Here's the way the New York Times put it in an April 30 story, in which there was only straight talk: "Mr. McCain's health care plan would shift the emphasis from insurance provided by employers to insurance bought by individuals."

Since 2000, the percentage of employers offering health insurance has declined from 69 percent to 60 percent. Many more companies would dump their plans as soon as the federal government offered tax credits to individuals who bought their own. Corporations would disingenuously justify this abandonment the same way McCain does -- by saying workers would get the advantage of carrying their individual plans from job to job as they move around the country.

They won't mention the cost, however. To buy plans comparable to what workers now receive from employers, families are going to have to shell out a lot more money from their own pockets. The math is simple. To buy the $12,106 plan with the $5,000 family tax credit, a worker is going to have to cough up an additional $3,824. (That is the $8,824 the employer previously paid toward the plan minus the $5,000 credit.)

That is, assuming, of course, that you can get coverage. Insurance companies are notorious for rejecting anyone with pre-existing conditions, including acne, being overweight and diabetes. John McCain himself would likely be unable to find an insurer on the private market since he's had the most serious form of skin cancer, melanoma, more than once. But he doesn't have to worry because, as a U.S. senator, he's covered by a government plan. And he's certainly not proposing eliminating that!

McCain could resolve the exclusion problem by requiring insurance companies to accept people with pre-existing conditions. But he doesn't. Instead, he suggests setting up a system in which states would become responsible making sure those people get insurance. He says he won't shift the costs to the states, but what's the chance of that? He's establishing a pool of all of those rejected by insurance companies -- thus those with the highest risk. And he's telling the states to deal with the problem that creates.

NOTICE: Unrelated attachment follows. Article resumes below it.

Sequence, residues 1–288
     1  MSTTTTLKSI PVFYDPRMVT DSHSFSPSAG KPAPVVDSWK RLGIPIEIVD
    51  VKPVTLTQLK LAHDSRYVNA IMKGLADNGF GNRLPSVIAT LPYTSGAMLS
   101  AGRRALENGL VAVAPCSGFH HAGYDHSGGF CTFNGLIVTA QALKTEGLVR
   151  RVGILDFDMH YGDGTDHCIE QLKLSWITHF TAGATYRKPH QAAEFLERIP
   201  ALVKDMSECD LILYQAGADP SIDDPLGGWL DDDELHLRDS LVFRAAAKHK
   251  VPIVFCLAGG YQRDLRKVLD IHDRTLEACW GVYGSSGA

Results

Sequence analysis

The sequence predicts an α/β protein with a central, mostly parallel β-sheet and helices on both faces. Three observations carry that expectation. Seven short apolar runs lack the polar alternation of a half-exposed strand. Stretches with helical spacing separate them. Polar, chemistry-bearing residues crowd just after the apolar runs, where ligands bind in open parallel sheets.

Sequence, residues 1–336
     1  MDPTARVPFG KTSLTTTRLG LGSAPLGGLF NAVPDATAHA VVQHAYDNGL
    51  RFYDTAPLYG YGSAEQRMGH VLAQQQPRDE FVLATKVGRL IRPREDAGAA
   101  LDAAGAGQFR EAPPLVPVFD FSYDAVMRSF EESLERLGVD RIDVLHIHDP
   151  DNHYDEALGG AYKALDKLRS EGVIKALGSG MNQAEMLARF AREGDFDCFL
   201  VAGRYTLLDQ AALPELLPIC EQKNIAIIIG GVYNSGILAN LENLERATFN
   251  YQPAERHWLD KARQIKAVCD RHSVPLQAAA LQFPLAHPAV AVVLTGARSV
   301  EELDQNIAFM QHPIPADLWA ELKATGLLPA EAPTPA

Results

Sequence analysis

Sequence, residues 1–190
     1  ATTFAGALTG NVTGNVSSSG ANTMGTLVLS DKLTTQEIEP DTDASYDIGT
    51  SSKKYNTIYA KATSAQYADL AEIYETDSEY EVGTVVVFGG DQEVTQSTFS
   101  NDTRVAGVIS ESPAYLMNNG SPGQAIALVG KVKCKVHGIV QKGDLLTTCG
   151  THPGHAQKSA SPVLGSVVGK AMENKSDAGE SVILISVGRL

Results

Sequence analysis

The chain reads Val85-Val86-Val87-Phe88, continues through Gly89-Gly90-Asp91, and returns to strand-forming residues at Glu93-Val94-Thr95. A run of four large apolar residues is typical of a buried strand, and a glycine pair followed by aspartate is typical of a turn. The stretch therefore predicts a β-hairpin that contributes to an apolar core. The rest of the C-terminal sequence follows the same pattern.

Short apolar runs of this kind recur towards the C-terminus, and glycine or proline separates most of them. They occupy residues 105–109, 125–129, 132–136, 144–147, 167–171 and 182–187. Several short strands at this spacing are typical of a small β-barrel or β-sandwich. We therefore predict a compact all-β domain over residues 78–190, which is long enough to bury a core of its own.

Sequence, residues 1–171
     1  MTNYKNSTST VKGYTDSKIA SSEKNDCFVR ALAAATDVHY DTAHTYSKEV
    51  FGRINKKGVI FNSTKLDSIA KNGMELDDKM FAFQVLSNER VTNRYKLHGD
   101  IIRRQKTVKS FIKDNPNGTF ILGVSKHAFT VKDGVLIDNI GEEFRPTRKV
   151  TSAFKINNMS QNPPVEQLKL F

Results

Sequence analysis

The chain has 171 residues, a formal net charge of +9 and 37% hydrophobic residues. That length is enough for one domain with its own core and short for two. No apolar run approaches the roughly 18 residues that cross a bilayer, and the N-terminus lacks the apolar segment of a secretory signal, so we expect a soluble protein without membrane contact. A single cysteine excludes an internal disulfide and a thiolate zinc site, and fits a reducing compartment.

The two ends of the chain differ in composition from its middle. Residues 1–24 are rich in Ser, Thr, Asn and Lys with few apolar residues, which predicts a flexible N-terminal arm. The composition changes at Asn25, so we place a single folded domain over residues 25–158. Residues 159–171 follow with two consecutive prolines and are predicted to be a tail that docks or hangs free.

Meanwhile, insurance companies would be left to profit big time by providing insurance for the young, the healthy and everyone who doesn't have anything at all wrong with them. What a deal!

He claims this plan will increase competition and drive down prices -- as if an individual worker, on his own, without any real knowledge of the system, has the negotiating power of a major corporation with full-time experts on its staff whose only function is to buy insurance for a pool of hundreds or thousands of workers.

While McCain is planning to increase your taxes if you've got insurance at work or to force you into the insurance market at a huge financial loss, he intends, at the same time, to cut taxes on corporations -- you know, like those giant oil companies that just raked in the largest quarterly profits of any firm ever in the history of mankind. And he plans to permanently retain those income tax cuts his friend George W. Bush gave to the rich, because, of course, the wealthiest Americans, like McCain and Bush, need a break today.

In the meantime, McCain is traveling to states like Michigan, Ohio and Pennsylvania, hard hit by the economic devastation caused by eight years of Bush administration fiscal policy failures. At each stop, McCain is sucking up the middle class -- as if his administration wouldn't cost workers dearly. He needs to stop lying to America's workers. In fact, maybe Mr. Straight-Talk-Express needs to slap on some lipstick. Because sometimes the truth is a bitch.